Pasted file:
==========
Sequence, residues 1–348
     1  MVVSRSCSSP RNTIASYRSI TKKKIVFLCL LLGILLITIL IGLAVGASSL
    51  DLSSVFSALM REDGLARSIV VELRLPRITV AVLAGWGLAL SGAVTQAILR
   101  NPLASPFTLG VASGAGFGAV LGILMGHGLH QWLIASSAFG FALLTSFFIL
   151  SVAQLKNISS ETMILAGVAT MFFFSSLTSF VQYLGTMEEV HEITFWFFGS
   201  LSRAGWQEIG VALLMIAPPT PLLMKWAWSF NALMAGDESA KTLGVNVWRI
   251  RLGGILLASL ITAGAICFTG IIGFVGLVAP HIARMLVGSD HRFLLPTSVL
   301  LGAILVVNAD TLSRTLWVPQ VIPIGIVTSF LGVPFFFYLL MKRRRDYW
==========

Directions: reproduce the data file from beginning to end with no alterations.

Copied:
Sequence, residues 1–348
     1  MVVSRSCSSP RNTIASYRSI TKKKIVFLCL LLGILLITIL IGLAVGASSL
    51  DLSSVFSALM REDGLARSIV VELRLPRITV AVLAGWGLAL SGAVTQAILR
   101  NPLASPFTLG VASGAGFGAV LGILMGHGLH QWLIASSAFG FALLTSFFIL
   151  SVAQLKNISS ETMILAGVAT MFFFSSLTSF VQYLGTMEEV HEITFWFFGS
   201  LSRAGWQEIG VALLMIAPPT PLLMKWAWSF NALMAGDESA KTLGVNVWRI
   251  RLGGILLASL ITAGAICFTG IIGFVGLVAP HIARMLVGSD HRFLLPTSVL
   301  LGAILVVNAD TLSRTLWVPQ VIPIGIVTSF LGVPFFFYLL MKRRRDYW